"If we don't make it, Kearny and the others are dead. You understand, Lieutenant?" he asked gravely. Beagle lowered his head, swallowing hard, then looked up and nodded firmly. Carson nodded back and both bolted into the night. "Godspeed, sailor," Carson huffed as he broke into a dead run. Best to take advantage of the cool night while it lasted. He doubted he'd ever see the sailor again.

Carson ran like lives depended on it, which they did. Sharp rocks tore at his soles and heels with every step. The hills were steep and rocky, but he climbed on. His toes were helpful in gripping the slopes, but rough edges tore at the skin. One faulty edge bent his toenails upward. Carson bit back a cry of agony and growled up the peak. "No time for pain, just keep going!" he urged himself.

Daylight crept over the horizon as Carson charged down another slope and hissed as his feet slid through jagged stones at the base. Crippling pain brought him to his knees as his heel landed on a cactus. A legendary hero whose only weakness was his heels flashed Carson's memory. He couldn't remember the name of the hero nor the man who told him. It didn't matter. No time for pain, just keep going!

The sun climbed higher, casting light on the desert. Carson took a periodic glance over his shoulder. No Lancers gave chase. Only red footprints followed him in the sand. His life blood trailed the way back to Kearny. Carson thought of the Californios painting the desert with the blood of American soldiers. No time to bleed, just keep going!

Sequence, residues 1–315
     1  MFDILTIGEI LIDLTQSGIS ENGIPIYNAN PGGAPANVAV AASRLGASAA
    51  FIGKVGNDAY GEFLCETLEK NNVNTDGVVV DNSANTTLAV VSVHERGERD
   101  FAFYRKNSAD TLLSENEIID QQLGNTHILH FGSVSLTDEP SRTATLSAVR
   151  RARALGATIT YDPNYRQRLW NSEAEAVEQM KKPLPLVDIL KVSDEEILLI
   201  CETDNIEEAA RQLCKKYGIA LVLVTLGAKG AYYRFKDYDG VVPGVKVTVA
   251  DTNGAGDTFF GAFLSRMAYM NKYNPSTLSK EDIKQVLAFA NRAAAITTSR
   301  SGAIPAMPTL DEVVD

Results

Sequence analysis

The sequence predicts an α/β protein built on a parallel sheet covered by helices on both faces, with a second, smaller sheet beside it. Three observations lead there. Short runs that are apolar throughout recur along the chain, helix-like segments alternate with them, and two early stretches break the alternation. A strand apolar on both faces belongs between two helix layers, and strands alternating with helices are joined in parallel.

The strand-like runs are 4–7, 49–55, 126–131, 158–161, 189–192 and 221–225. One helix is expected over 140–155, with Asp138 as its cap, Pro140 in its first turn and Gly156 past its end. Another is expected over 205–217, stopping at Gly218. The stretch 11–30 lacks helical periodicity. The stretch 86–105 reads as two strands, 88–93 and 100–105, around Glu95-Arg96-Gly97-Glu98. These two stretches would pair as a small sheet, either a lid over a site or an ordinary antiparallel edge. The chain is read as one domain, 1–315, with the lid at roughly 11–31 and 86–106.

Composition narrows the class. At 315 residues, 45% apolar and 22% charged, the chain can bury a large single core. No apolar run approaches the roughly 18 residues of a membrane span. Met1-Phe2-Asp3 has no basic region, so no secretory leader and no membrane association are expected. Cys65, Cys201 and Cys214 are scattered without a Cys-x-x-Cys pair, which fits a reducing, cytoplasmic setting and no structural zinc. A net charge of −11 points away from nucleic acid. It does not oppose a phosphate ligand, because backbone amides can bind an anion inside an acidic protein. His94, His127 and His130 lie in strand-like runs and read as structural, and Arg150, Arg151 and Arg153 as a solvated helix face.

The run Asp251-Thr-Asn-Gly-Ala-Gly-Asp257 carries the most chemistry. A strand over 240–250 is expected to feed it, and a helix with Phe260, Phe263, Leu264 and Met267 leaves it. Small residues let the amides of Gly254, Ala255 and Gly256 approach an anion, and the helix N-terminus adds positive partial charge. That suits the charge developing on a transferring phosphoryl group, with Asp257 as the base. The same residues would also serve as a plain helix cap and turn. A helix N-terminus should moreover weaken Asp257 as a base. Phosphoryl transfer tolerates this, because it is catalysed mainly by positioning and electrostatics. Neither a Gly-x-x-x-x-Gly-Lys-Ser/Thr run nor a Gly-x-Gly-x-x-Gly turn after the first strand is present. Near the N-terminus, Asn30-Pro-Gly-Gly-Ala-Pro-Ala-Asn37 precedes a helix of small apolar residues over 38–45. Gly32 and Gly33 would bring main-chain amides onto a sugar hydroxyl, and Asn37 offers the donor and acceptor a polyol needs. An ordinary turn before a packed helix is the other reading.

The sun reached noon and Carson slowed to a trot, the blazing sun weighed him down. What he wouldn't have given to be lying in bed beside his wife. She'd bring him a jug of cool water and dab his head with a wet cloth. How did he ever let that buffoon Kearny rope him into being his guide?

"To hell with your dispatches, son," Kearny had sneered at Carson's urgent messages for President Polk. "I need a guide to San Diego! You're it!"

"As the General thinks best," Carson humbly complied. How he wished he'd told the old fool to go to hell! Carson had half a mind to walk to the nearest Indian village, barter for moccasins and tread lightly the rest of his way home, leaving the over-ambitious general to his fate.

Carson shook the traitorous thought from his head. He cursed himself for even contemplating such treachery. He'd given Kearny his word! What's more his native land was at war! Could he hold his head high among Americans if he abandoned a hundred of them to the mercy of the enemy? Would his beloved Josefa ever look at him the same way again knowing her husband was a liar and a traitor? No! Just keep going!

The desert floor became a stove as the afternoon dragged on. Carson felt the flesh and blood of his soles sizzle like beef on a griddle with every step. He took little comfort knowing his wounds were likely cauterized. Carson recalled a bible verse from what little of the good book he'd bothered to read over the years. Something about walking through fire and not being harmed. It occurred to him he might be graced with such a miracle if he'd yielded to Josefa's pleads to attend mass together. "Maybe next week," he grunted at himself as he charged across the burning sand.